Trade Prospects Lift Global Stocks
Global stocks inched higher Friday as trade prospects appeared to improve, putting most major indexes on track for weekly gains.
The Stoxx Europe 600 was up 0.2% in morning trading, while markets in Asia closed higher and futures pointed to a 0.2% opening rise for the S&P 500 after notching its biggest gain in two weeks.
Stocks have swung back and forth in recent sessions as investors attempt to assess the potential impact of new trade agreements on supply chains and the global economy.
The latest boost for stocks appeared to come from news the Trump administration is giving Beijing another chance to try to stave off new tariffs on $200 billion in Chinese exports, asking top officials for a fresh round of trade talks later this month, The Wall Street Journal reported earlier this week.
“What’s driving intraday volatility and choppiness in the market? It’s going to be trade,” said Shawn Cruz, who manages trading strategy at TD Ameritrade. “We still haven’t seen what’s actually going to get put in place…so it’s more or less a risk aversion exercise.”
Softness in the U.S. dollar and stabilization in some emerging markets has also helped improve investors’ appetite for risk, analysts said.
The ICE Dollar Index was down 0.1% on Friday, on track to end the week about 1% lower. Many emerging-market currencies have gained ground this week, with the Turkish lira rising around 5% as the central bank sharply raised interest rates. The South African rand is up 3% against the dollar this week while the Mexican peso is up 2.6%.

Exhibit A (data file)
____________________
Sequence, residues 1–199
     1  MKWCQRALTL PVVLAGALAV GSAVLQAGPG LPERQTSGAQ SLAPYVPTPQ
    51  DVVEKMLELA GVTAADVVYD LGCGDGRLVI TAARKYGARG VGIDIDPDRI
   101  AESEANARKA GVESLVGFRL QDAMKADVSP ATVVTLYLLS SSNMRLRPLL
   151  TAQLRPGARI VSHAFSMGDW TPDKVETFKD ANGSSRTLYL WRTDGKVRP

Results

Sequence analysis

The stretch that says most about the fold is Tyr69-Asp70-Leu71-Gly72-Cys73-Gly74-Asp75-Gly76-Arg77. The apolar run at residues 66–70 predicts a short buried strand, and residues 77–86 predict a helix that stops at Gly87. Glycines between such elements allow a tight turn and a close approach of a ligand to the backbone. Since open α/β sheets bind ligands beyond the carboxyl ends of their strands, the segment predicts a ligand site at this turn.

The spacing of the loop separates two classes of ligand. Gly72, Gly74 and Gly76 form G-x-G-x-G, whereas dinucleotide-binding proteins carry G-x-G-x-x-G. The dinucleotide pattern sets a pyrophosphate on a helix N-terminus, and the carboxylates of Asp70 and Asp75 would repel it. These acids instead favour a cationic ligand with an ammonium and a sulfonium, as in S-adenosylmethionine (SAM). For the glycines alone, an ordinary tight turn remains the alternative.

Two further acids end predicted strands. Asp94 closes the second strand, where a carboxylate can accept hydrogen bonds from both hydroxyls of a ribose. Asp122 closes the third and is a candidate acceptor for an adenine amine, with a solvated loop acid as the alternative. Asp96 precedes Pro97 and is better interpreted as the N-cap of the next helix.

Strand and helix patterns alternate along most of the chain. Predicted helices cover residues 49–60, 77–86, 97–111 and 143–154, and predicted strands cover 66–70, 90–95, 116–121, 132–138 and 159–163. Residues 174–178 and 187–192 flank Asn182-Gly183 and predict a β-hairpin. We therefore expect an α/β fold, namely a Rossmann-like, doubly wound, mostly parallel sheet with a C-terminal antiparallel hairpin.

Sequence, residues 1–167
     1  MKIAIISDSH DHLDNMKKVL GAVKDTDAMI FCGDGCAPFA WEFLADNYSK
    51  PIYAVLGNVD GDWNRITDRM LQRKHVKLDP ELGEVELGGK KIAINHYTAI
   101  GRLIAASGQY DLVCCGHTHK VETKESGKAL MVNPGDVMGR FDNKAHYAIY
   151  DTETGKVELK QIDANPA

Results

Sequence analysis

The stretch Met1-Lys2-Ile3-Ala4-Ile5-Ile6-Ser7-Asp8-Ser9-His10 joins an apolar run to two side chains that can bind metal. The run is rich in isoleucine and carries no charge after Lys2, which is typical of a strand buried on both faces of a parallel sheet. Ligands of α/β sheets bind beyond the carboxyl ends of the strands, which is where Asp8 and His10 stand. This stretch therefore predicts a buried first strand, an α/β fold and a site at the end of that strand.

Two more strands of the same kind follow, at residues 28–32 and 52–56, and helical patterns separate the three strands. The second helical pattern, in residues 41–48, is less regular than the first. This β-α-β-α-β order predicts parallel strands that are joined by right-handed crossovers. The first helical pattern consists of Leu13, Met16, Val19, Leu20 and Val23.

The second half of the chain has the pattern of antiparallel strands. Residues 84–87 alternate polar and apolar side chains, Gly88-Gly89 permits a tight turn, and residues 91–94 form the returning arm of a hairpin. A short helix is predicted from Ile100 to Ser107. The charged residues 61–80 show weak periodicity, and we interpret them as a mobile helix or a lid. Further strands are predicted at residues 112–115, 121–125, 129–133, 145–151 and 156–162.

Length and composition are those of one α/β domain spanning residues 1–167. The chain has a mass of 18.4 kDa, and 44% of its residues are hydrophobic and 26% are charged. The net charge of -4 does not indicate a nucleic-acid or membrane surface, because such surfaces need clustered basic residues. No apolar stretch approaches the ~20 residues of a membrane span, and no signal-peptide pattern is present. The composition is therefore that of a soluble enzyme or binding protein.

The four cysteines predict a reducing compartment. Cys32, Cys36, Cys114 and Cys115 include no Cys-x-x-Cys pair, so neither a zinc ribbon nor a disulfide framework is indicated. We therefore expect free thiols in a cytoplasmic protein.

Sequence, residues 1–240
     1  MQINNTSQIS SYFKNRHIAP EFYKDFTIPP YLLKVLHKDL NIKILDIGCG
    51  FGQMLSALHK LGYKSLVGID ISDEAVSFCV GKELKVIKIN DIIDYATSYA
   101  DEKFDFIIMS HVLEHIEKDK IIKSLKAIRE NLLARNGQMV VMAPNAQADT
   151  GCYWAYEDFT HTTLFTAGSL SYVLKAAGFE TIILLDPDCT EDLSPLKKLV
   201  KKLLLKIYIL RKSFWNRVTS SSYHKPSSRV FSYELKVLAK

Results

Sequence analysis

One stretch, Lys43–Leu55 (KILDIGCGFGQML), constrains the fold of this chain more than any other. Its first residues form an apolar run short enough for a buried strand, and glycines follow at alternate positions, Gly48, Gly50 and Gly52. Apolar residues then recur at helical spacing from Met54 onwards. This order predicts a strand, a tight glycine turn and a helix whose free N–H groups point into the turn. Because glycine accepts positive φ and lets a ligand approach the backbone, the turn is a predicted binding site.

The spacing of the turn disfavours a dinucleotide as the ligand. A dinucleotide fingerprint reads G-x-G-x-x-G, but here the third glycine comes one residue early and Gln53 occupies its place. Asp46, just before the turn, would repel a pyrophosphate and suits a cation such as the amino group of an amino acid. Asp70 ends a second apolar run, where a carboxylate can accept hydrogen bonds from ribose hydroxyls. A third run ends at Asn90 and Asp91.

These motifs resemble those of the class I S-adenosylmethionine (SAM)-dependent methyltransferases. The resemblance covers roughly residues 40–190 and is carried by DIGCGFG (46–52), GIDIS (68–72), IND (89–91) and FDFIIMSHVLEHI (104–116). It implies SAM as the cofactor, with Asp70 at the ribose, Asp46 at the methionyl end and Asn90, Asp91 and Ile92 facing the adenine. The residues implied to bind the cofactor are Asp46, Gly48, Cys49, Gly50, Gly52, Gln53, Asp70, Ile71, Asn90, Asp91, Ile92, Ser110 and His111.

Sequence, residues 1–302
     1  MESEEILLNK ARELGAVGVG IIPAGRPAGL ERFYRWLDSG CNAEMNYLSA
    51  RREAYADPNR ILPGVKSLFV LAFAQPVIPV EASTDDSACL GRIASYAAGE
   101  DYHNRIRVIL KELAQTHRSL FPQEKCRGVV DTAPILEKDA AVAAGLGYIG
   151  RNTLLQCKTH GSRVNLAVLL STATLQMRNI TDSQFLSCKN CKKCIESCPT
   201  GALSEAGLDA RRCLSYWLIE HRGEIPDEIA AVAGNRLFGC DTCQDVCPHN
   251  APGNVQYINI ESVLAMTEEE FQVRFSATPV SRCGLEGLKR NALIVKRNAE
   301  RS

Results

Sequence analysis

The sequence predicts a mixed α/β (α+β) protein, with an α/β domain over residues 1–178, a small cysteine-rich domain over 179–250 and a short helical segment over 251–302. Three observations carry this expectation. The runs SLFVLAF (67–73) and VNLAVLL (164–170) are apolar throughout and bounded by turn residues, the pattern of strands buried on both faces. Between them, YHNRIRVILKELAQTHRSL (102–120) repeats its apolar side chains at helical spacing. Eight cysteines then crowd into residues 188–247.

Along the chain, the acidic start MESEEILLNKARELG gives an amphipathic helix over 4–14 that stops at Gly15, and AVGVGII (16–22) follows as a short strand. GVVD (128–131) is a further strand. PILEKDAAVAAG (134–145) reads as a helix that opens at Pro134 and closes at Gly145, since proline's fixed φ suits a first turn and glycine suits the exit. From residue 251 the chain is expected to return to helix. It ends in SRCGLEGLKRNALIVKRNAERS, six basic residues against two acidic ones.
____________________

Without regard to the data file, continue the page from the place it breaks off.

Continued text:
In contrast, the Argentine peso and Brazilian real were sitting on sharp losses.
Shoqat Bunglawala, head of the global portfolio solutions group for EMEA and Asia Pacific at Goldman Sachs Asset Management, said he is cautious on emerging markets in the short term because of issues largely stemming from market sentiment and volatility, but in the medium term, “we’re still very positive on emerging markets.”
Many emerging markets are in a substantially better position that they were a few years ago, he said, pointing to improvements in earnings growth and well-anchored inflation.
In Europe on Friday, shares of auto and mining companies were among the biggest advancers, while utility companies — which tend to outperform during times of economic weakness as investors seek stability — lagged behind.
Asian stocks were broadly higher, with benchmarks in Japan, Hong Kong and South Korea up 1% or more. Japan’s Nikkei closed at its highest level since early February.
Shanghai stocks edged down 0.2%. Investment in factories, railways and other projects in China so far this year grew at its slowest pace in more than a quarter-century, data showed.
U.S. retail sales figures for August are due later Friday after data showed Americans boosted their spending in July. Another strong reading would be important for market sentiment, particularly for shares of consumer-oriented stocks, in light of a recent pickup in wage growth, said Mr. Cruz.
A robust economy drove U.S. wages higher in August, data showed last week, with private-sector hourly wages growing 2.9% from a year earlier, the fastest pace since mid-2009.
“If that’s not translating into retail spending, retailers will feel the brunt of that move” as it costs more to pay their employees, he said.
Source: Dow Jones